I was somewhat surprised recently to be told by a friend that she had had a “reading” done. I didn’t grasp her meaning immediately. The Church of Scientology came first to mind. Don’t they have some ritual (sacrament?) of wiring you up to a device that locates Bad Thoughts? Then, getting more up to date, and having just read Steven Pinker’s New York Times piece on the topic, I wondered if she had been to one of those services that sequence your genome for you.
It was neither. My speculations had been too up to date. My friend had, she told me, been to a “psychic counselor.”
“You mean . . . a fortune-teller?” I asked, honestly seeking clarification.
This was apparently a faux pas. “I knew you’d make fun of it,” she sniffed. “Should never have told you.”
She thereafter refused to divulge any details of the “reading.” Had I been more tactful, I might have learned the precise technique she’d submitted to. Crystal ball? Tarot cards? Palmistry? In China they read the moles and blemishes on your skin.
I feel pretty sure, at least, that my friend’s early-21st-century “psychic counselor” was more presentable than the famous one Captain Gronow attended in Paris circa 1820:
It was impossible for imagination to conceive a more hideous being. She looked like a monstrous toad, bloated and venomous. She had one wall-eye, but the other was a piercer. She wore a fur cap upon her head, from beneath which she glared out upon her horrified visitors. The walls of the room were covered with huge bats, nailed by their wings to the ceiling, stuffed owls, cabalistic signs, skeletons . . .
The worldly Captain Gronow — he fought at Waterloo, served as a member of Parliament, enjoyed the Vanity Fair high life of Regency London and Restoration Paris, and wrote a book of engaging “reminiscences and recollections” — tells us that he did not at the time believe one word of the sibyl’s predictions (she used cards), but that they all came true nonetheless.
This area — the occult — is one that is remote from my interests and temperament. Having an empirical cast of mind, and a mathematical education, I take a dim view of the whole business. Should I ever feel the need to engage with the Supernatural, I shall return to my church, which at least attempts to supply some intellectual underpinnings to the powers of the air. I’ll leave the crystal balls, Ouija boards, and séances to those who are that way inclined.
I’m a bit surprised to find it still going on in this prosaic age. I thought popular occultism had faded away across the latter half of the 20th century. Certainly such things were much more commonly spoken of in my childhood.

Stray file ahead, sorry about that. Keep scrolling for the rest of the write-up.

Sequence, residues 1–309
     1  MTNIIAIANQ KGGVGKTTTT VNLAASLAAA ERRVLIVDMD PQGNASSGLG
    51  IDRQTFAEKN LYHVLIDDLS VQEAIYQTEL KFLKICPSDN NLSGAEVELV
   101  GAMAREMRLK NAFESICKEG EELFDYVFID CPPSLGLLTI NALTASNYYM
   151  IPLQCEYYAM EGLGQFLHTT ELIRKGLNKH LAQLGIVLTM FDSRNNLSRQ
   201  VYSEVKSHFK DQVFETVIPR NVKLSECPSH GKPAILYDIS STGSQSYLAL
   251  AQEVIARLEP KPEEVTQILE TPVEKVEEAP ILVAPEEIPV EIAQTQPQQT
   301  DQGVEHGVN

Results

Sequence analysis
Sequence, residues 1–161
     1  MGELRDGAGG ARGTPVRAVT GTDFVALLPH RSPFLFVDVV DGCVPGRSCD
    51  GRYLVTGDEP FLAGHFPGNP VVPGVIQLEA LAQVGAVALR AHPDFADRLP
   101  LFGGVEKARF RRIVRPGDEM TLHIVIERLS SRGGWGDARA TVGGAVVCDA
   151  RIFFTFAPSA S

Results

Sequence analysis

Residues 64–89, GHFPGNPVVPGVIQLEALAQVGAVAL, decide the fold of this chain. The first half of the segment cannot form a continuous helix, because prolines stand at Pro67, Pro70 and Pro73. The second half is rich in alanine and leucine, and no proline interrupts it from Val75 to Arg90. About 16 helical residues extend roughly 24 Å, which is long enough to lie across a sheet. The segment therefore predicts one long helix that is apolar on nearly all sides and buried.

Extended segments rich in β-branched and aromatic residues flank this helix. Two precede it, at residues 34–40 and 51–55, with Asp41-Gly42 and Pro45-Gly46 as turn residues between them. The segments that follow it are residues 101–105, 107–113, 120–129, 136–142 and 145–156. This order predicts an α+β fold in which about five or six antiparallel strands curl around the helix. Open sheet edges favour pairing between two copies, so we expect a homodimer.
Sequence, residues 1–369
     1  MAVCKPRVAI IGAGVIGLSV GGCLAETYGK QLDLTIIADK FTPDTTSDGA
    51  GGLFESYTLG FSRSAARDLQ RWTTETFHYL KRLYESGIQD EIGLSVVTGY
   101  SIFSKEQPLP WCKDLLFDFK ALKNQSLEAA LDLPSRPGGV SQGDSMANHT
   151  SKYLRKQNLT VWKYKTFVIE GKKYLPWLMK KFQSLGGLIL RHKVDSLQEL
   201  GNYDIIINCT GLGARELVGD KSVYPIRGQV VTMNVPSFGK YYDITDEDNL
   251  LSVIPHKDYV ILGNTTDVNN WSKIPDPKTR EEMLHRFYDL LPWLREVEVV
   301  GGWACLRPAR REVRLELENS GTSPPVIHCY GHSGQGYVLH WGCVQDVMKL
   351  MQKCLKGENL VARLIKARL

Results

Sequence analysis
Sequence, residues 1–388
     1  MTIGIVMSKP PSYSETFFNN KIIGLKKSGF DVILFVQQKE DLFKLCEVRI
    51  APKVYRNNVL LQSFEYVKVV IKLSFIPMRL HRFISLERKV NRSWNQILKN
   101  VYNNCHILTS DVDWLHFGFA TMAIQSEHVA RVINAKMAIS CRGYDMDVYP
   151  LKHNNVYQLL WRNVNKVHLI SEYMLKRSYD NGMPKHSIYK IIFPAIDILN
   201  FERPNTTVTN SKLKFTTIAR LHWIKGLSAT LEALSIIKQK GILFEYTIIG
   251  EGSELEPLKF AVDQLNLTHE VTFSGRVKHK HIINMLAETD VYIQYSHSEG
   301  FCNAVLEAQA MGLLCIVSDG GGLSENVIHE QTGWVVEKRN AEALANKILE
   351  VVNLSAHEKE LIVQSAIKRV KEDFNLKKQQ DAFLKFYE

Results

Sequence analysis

#page# Ghosts, especially so. In the England of 50 or 60 years ago, everybody had a ghost story, every town at least one haunted house. Half a mile from my own home was an old manor, built on the site of a medieval abbey. The place had been bought up by the county and opened to the public. One of the garden walks was haunted. Children would step off the path to let a nun go by; but no adult could see the nun.
I’ll admit I never saw the ghostly nun myself, though I wanted to. Perhaps that empirical mindset got in the way even then. I recall wondering how, if ghosts could pass through walls, they could walk on the ground. If solid matter was insubstantial to them, why didn’t they drop through to the center of the earth; or, if they were immune to gravity, why didn’t they float up into the stratosphere? We never reason as well as we do aged eight or nine.
I think people in the mid-20th century believed in ghosts, or at least were interested in them, much more commonly than nowadays. I was fed a regular diet of ghost stories as soon as I could read, some of them considered classics that every well-read person ought to be acquainted with: M. R. James’s “The Mezzotint,” W. W. Jacobs’s “The Monkey’s Paw,” Hugh Walpole’s “The Tarn,” and many others. Walter de la Mare’s wonderfully spooky poem “The Listeners” was a great favorite, known to everyone:
But only a host of phantom listeners
That dwelt in the lone house then
Stood listening in the quiet of the moonlight
To that voice from the world of men . . .
Dennis Wheatley’s occult thrillers were selling a million copies a year, there were up-market occult movies — Mervyn Johns (father of Glynis) in Dead of Night lingers in the mind; TV’s hit series Alfred Hitchcock Presents often featured occult themes; and even a hit Broadway musical, Carousel, had a ghost as protagonist. (Though the century’s best ghost story, Flann O’Brien’s The Third Policeman, wasn’t published till 1967.)
As the old gothic strain of literature had given birth to science fiction earlier in the century, so, at around the same time, had classic occultism brought forth Extra-Sensory Perception. Dr. J. B. Rhine had been busy trying to demonstrate telepathy and psychokinesis in his lab at Duke University since 1931, and busy also trying to fend off old-school occultists who wanted him to help them speak to the dead. In the 1950s Rhine’s researches got the attention of the U.S. military. Various ESP projects were launched, culminating in a psychic espionage unit named Stargate, whose congressional funding ended only in 1995. The Soviets, too, were researching ESP for military purposes. (They called telepathy “biological radio.”)
We have, as I said, since drifted into a more prosaic age. We get a decent ghost movie now and then — M. R. James would have loved The Sixth Sense — but for the most part, interest in the occult has faded. TV lawyer shows have reared a whole generation of show-me-the-evidence empiricists; cheap camcorders and cell phones have made fakery much harder — the Amityville Horror would never fly nowadays; and cognitive-science popularizers like Pinker have sapped away at the Ghost in the Machine.
It’s a duller, flatter world. No, I won’t be going for a “reading” anytime soon, but it’s oddly comforting to know one still can.